This book is usually advertised as a companion to the Big Book of Conspiracies. Although both are written by Doug Moench, this is not really true. There IS some crossover (for example the BBOC deals with some supposed coverups of UFOs, and UFOs are featured prominently in this book), but only superficially.
As noted by one harsh reviewer below, this book does not go very far into presenting evidence. However, I know that many of the stories covered in this book are actually just as well-documented as most historical facts having read about them elsewhere (in fact, when I lived in Waterloo, Ontario, I lived down the block from the owner of the famous crystal skull depicted in one of these stories). And if you require more proof, there is an extensive bibliography. What Doug Moench does is use his limited space (the comic book format is not very good for presenting vast reams of evidence) to give a nice overall picture of paranormal mysteries. He even manages to point out various patterns, connecting together incidents usually only covered in isolation. And this is an important contribution, after all by now people who actually pay attention to evidence should have reached the point where they are more interested in understanding the phenonmena described instead of just trying to justify their beliefs. Of course, some of the stories herein are based merely on testimony given by witnesses, but eyewitness testimony is considered the strongest form of evidence by the courts and is still enough to get people sentenced to jail for life in this country (meanwhile fingerprints are only circumstantial). What matters is the credibility of the witnesses, how many unconnected individuals corroborate each other, and whether or not there is an ulterior motive for such testimony. Besides it would be ridiculous to reject all data on the basis of a few charlatans (after all we still believe in science depsite apparent hoaxes like cold fusion). And for every redneck there is still the occassional Jimmy Carter and Neil Armstrong who have also reported witnessing UFOs. If all people could be so readily dismissed for what they say or write on other subjects, no field of knowledge (history, science, etc.) could exist! But I prefer to be amongst the camp of people who, e.g., do not have to personally build and explode atom bombs or travel back in time 56 years to Japan to believe that the bombing of Hiroshima occured (the photographs, consistent testimony, etc., is enough for me). This book does (and it admits so) go out on the limb occassionally, but it does also point out some incontrovertible facts that skeptics just choose to ignore. But even if you lean more towards skepticism, this is a highly entertaining and well-illustrated book that is far more credible than the Warren Commission or most newspaper coverage of the Middle-East.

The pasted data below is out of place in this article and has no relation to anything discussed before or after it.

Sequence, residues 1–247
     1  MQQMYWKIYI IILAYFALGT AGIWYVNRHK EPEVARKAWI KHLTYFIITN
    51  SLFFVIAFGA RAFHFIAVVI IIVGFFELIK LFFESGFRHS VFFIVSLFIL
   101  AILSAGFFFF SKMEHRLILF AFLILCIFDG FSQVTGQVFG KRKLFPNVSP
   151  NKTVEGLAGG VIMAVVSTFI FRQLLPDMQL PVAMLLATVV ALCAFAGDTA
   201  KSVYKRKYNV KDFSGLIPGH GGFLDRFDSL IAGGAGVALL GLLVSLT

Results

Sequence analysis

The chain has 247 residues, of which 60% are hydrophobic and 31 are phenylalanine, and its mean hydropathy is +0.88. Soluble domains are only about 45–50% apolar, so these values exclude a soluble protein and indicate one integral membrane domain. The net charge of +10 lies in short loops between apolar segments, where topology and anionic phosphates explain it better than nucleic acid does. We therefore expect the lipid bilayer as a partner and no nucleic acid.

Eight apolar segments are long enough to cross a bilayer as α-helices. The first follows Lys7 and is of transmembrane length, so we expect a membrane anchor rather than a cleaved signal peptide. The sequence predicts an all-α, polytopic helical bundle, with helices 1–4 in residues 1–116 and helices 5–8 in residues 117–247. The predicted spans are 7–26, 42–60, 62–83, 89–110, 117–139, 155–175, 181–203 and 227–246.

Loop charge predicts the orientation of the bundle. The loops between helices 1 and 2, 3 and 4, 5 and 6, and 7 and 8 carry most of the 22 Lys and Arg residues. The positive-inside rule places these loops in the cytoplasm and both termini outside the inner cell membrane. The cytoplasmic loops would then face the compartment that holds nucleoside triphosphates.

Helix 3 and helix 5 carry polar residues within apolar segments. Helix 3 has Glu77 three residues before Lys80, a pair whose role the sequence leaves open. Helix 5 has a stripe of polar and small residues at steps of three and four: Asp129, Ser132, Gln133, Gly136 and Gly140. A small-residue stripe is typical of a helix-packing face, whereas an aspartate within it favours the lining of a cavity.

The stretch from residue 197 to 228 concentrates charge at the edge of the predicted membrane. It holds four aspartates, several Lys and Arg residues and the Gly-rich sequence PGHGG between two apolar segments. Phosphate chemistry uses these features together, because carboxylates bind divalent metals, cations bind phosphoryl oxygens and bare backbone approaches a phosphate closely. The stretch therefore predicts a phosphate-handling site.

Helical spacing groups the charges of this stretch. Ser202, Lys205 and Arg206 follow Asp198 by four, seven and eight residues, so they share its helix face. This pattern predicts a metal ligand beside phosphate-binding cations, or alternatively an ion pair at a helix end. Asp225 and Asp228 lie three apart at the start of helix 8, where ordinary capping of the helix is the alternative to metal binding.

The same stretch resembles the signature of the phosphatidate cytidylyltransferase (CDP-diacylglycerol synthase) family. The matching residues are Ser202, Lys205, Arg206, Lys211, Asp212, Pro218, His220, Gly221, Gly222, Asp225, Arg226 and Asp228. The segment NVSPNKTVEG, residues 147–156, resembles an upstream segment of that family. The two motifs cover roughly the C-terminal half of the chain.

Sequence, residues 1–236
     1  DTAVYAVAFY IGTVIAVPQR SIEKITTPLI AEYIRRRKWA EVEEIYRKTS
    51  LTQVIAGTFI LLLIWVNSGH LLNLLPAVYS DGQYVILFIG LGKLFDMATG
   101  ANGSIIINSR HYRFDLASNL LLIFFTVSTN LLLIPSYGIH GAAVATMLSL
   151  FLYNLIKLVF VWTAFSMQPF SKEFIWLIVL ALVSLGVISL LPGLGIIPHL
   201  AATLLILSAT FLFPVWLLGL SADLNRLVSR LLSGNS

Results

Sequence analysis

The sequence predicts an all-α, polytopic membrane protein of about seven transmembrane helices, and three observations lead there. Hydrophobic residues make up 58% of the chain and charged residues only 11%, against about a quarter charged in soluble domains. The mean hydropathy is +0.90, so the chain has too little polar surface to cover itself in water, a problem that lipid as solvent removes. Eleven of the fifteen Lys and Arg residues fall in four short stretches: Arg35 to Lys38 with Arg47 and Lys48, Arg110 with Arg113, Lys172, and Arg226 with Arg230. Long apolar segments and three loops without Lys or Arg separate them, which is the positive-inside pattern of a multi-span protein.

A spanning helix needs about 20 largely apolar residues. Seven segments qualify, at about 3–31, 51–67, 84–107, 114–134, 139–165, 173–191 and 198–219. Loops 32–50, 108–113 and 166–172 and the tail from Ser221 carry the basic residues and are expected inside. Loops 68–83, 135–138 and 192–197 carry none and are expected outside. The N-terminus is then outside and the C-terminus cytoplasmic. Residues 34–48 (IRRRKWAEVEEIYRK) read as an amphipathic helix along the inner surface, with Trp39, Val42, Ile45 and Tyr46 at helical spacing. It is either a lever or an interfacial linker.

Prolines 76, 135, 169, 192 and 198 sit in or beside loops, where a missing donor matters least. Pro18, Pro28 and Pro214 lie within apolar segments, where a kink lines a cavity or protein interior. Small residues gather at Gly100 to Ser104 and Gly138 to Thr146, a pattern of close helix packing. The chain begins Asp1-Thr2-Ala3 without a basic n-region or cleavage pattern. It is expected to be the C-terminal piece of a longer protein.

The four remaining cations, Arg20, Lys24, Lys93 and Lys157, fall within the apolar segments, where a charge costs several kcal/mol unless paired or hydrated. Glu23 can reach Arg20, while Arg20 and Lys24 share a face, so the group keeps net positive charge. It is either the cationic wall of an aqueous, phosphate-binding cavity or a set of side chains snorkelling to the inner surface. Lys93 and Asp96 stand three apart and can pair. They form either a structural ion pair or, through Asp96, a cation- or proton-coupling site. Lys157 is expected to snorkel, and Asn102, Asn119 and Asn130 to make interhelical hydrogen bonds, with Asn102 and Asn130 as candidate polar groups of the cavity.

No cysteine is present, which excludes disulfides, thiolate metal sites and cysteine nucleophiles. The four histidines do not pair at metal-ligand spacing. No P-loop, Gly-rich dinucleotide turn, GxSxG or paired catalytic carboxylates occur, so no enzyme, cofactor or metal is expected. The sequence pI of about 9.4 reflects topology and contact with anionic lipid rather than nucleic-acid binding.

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on August 28, 2002
I've owned just about all of the "Big Book of" series published to date, and this is clearly the best. In fact, it is the only one I kept when it was time to move and I needed to lighten the load. It is just so darn entertaining- and you find something new every time you pick it up. That is why I bought it in the first place, instead of being a rehashing of stuff that I already knew about for years, I actually learned some significant new things. If you are jaded and think that there is "nothing new under the sun" try reading this, it will expand your horizons. It covers everything from crop circles, synchronicity, the crystal skull, ancient high tech, space/time anomalies, alternate dimensions, alien abduction, death of the 5th sun, etc., etc., etc....
And it is all tied together in a humorous way by the character of Charles Fort (The Book of the Damned.)
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on August 27, 1999
I have become a huge fan of this book series since I picked up the Big Book of Little Criminals. This book does a great job of describing all the wierdness this world has to offer. The best thing about this book and the others in the series is that you can show an article to someone who would not otherwise be intersted in the subject, since the "Comic" format is so easy to read. Highly, Highly recommended.